Monday, March 26, 2007

Note to PCs: The Dungeon is Dangerous

When a DM sends the PCs on a specific mission, I think you have an obligation to play fair. If Ganmerlinster sends you out to retrieve the Great MacGuffin the expectation on the part of the players is that the beardy guy won't ask you to do something you can't handle. It might be a tough gig but no DMPC should ever send the party on an unpossible quest. (And any DM that sets up a quest where only a pet NPC can finish the job ought to be tied up in a burlap bag and beaten with sticks.) To me, this issue goes straight to the trust and responsibility implicit in the DM role.

But the Dungeon is a different matter. I'm talking about the classic big, sprawling, multi-level underground complex, places like Castles Greyhawk and Blackmoor. I feel a different sense of obligation when it comes to these nightmare underworlds. For one thing, I don't feel like the DM has to be fair in the sense that all challenges are meant to be overcome by the PCs. If first level PCs take the elevator down to level 5 whatever happens next is on the players' heads. No one should ever be in a big, multi-level dungeon and say "We can take the Troll King! The DM wouldn't throw him at us if we couldn't handle him!" Sometimes in a big dungeon enviroment the right thing to do is to run away to live to fight another day, preferably after leveling up and buying some scrolls.

If I'm reading him right my Prussian homie Settembrini looks at these too different states ("Challenge but don't overpower the PCs." and "If the PCs tug on Superman's cape it's their tough luck.") and sees too different styles of play. The first he might call Tactical Gaming, which emphasizes setting up fair fights and pushing around the pieces on the game board. 3rd edition D&D really brought Tactical Gaming to the fore. The second he calls Strategic Gaming, which hinges on taking unfair situations and working to overcome those handicaps through smarter outside-the-box thinking. Earlier editions of D&D (going back to OD&D, Basic/Expert, and 1st edition Advanced) maybe weren't always clear on the importance of strategic play, but they were written implicitly with that play style in mind.

Maybe Set is right and D&D has (at least) two distinctive styles of play, but I would suggest that a hybrid approach is possible and perhaps even preferable. In my experience few players want to constantly face the challenge of strategic operations. I know personally there are many nights when I just want to the DM to line up some orcs to fight. But to know that every encounter will have the CR crafted to your party's level eventually leads to boredom. I relish occasionally finding myself in over my head. One of gaming's great thrills is to escape an untenable situation by the skin of your teeth. Even greater is the satisfaction of going back prepared and giving the bastards what for. Hey, undead dickweed! We're back and we brought wooden stakes!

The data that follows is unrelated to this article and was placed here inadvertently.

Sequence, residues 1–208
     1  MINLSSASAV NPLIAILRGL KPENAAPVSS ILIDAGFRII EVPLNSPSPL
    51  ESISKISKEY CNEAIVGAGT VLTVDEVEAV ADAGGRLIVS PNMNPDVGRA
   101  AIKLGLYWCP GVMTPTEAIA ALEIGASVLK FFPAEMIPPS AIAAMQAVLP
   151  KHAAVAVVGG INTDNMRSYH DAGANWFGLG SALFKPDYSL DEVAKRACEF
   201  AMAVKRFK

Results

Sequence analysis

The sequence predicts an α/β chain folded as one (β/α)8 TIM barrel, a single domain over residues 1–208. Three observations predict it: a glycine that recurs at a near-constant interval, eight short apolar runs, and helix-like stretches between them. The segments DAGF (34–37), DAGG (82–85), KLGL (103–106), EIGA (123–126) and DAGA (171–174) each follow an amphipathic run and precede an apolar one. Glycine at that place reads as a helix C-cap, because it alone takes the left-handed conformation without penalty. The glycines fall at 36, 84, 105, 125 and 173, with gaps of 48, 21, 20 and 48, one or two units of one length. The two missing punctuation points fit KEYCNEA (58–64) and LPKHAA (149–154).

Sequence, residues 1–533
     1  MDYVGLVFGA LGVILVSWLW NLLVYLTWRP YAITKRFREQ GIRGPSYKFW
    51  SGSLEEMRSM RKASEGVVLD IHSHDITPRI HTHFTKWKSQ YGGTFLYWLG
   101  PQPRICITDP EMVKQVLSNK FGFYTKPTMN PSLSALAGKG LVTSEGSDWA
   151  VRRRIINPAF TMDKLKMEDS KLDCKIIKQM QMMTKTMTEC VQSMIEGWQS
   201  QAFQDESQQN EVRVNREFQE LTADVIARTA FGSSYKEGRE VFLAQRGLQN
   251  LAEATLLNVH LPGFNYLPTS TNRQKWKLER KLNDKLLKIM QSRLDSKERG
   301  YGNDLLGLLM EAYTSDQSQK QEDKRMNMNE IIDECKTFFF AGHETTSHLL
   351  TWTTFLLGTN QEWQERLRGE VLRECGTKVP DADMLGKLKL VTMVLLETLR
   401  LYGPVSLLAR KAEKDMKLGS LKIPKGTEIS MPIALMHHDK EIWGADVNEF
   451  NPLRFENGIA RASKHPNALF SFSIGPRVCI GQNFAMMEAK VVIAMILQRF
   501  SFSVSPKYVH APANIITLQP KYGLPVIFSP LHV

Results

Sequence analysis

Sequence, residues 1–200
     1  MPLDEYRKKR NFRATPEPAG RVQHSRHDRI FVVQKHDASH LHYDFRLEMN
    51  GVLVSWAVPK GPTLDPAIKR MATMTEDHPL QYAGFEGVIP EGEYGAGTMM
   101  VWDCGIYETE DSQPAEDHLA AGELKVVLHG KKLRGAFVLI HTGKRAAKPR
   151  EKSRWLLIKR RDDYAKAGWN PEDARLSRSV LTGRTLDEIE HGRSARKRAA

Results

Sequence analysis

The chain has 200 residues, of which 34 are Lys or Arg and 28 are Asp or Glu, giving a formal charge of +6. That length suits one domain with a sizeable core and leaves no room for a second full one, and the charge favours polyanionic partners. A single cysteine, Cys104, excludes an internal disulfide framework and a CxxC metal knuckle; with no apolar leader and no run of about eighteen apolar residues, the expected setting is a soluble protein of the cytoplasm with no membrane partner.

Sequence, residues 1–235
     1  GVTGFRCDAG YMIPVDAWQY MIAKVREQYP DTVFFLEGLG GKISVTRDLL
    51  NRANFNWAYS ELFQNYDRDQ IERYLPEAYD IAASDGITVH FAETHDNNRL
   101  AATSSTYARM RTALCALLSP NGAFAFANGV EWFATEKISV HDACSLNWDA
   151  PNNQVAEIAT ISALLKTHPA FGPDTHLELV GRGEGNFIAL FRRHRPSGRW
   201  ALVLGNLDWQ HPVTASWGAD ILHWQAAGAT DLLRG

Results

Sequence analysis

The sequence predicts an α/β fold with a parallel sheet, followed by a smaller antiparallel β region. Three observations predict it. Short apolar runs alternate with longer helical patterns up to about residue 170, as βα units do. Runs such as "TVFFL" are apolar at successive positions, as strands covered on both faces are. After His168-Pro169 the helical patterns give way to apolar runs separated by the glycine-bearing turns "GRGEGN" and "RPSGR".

I started this blog entry as a way of putting the players of Beyond Vinland on notice. Don't get cocky. There may be balrogs at the bottom of those stairs.


  1. That's fair.

    The one caveat that I would consider is that there really ought to be some indication that the Balrog is at the bottom of the stairs... or that the PCs have an opportunity to recognize that they can't take the Balrog and flee.

  2. I think the dungeon level system really helps in this regards. If you are on a level with goblins and go down a short staircase, there won't be liches on the next level.

  3. I've always had mixed feelings about the dungeon level system. It seems to presuppose the use of player knowledge - since there (usually) isn't really any in-game reason for PCs to think that lower dungeon levels will be increasingly more dangerous.

  4. "The bottom level of this dungeon is the top level of Hell."

    How's that for clearing it up?

  5. Anonymous12:17 PM

    In my recent foray into the wilderlands, I´m making heavy use of in-fantastoverse references. Like when they met a NPC Group, I mentioned that one of them wears a winter wolf pelt, so they knew: These guys are way more powerful than the players were at the time.
    Add to that a lot of rumours, gossip and legends. I have a general rule though: It´s way better to exaggerate then to hide the approximate danger of a place in the wilderlands. Of course, once in a while that rule has to be broken to keep things interesting.

    In my MT Campaign OTOH, I never pulled any punches. Information gathering AND source criticism/double checking the info was one of the major points where player skill was expected to be applied. Also true for other Trav-likes, or CoC-likes.
    That is to say: Games were you are expecting way less combat than in D&D.

  6. Anonymous3:37 PM

    (And any DM that sets up a quest where only a pet NPC can finish the job ought to be tied up in a burlap bag and beaten with sticks.)

    Lead pipe.

  7. Anonymous11:24 PM

    I have played in games with disparate levels of characters and horribly mismatched adventures. Not really fun. Nothing like having an ancient Red Dragon pulling guard duty outside the city gate. Oooo, how many characters will you roll up before you quit my game?

  8. If a city uses a dragon as it's gate-guard I would expect that to be pretty well known.